We are invited to come in to the stable, where we can meet Emmanuel, God with Us, knowing that because of this night, we can always live in the warmth of God’s embrace. We are invited to come in and kneel before the manger, where the Prince of Peace lies, knowing that in the midst of a tumultuous world, we can find rest for our souls in his presence. We are invited to come in and pour out our heart to the Wonderful Counselor, knowing that whoever we are and whatever we’ve done, Jesus loves us. We are invited to come in and join all the others who have gathered in this place, for the baby who is nestled in his mother’s arms is the Savior of the entire world, no matter what your station in life is. Come in to greet the one who will offer you shelter from the cold world outside.

If you are longing for that stable, and wishing that you could follow along behind the shepherds as they make their way there, remember Jesus’ promise to be with us always. Jesus may have moved out of the stable, but he has moved into our hearts. The warmth, the light, the welcome, and the love of the stable—they are still with us. They still surround us. They are in us. The Word who became flesh and lived among us lives among us still. Nothing—neither death, nor life, nor angels, nor rulers, nor things present, nor things to come, nor powers, nor height, nor depth, nor anything else in all creation, certainly not time or geography—will be able to separate us from the love that came down at Christmas in Christ Jesus our Lord.

In a few moments we’ll light candles and sing “Silent Night” together–a song of quiet praise for the One who invites us to come in. “Silent Night” is about as different from the song, “Baby, It’s Cold Outside” as you can get. But in some ways, their message is the same. There is a world outside that can be cold and challenging. But we are invited to come in—come into the pres. of Emmanuel, who offers us   warmth, welcome, and love. Amen.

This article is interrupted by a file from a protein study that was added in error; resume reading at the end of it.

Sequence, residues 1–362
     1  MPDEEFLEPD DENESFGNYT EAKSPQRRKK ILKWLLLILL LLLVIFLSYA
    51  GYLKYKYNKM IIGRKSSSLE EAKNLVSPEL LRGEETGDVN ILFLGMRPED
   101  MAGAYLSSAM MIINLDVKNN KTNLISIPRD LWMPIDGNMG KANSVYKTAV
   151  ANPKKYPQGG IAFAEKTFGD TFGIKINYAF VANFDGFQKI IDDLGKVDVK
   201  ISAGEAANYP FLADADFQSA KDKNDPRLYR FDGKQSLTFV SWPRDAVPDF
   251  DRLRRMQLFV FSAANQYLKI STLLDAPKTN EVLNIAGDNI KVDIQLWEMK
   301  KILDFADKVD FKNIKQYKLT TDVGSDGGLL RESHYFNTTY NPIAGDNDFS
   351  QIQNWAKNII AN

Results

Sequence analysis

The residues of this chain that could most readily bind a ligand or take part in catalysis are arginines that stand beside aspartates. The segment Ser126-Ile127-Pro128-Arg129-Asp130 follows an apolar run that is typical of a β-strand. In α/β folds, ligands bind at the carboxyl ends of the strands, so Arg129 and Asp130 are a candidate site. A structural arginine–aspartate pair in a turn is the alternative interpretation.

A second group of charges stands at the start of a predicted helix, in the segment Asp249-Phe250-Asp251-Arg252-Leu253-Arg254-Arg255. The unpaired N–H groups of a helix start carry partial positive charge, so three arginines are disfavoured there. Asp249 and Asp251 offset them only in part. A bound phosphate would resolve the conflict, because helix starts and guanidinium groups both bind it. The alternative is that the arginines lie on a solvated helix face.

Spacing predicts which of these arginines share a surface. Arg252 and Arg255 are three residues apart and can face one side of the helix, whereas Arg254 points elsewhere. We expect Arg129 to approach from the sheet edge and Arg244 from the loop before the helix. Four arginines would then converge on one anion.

~~Pastor Carol Williams-Young

Hear now the story of our Savior’s birth: In those days a decree went out from Emperor Augustus that all the world should be registered. This was the first registration and was taken while Quirinius was governor of Syria. All went to their own towns to be registered. Joseph also went from the town of Nazareth in Galilee to Judea, to the city of David called Bethlehem, because he was descended from the house and family of David. He went to be registered with Mary, to whom he was engaged and who was expecting a child.

While they were there, the time came for her to deliver her child. And she gave birth to her firstborn son and wrapped him in bands of cloth, and laid him in a manger, because there was no place for them in the inn.

In that region there were shepherds living in the fields, keeping watch over their flock by night. Then an angel of the Lord stood before them, and the glory of the Lord shone around them, and they were terrified.

But the angel said to them, “Do not be afraid; for see—I am bringing you good news of great joy for all the people: to you is born this day in the city of David a Savior, who is the Messiah, the Lord. This will be a sign for you: you will find a child wrapped in bands of cloth and lying in a manger.”

And suddenly there was with the angel a multitude of the heavenly host, praising God and saying, “Glory to God in the highest heaven, and on earth peace among those whom he favors!”

When the angels had left them and gone into heaven, the shepherds said to one another, “Let us go now to Bethlehem and see this thing that has taken place, which the Lord has made known to us.” So they went with haste and found Mary and Joseph, and the child lying in the manger.

When they saw this, they made known what had been told them about this child; and all who heard it were amazed at what the shepherds told them. But Mary treasured all these words and pondered them in her heart. The shepherds returned, glorifying and praising God for all they had heard and seen, as it had been told them.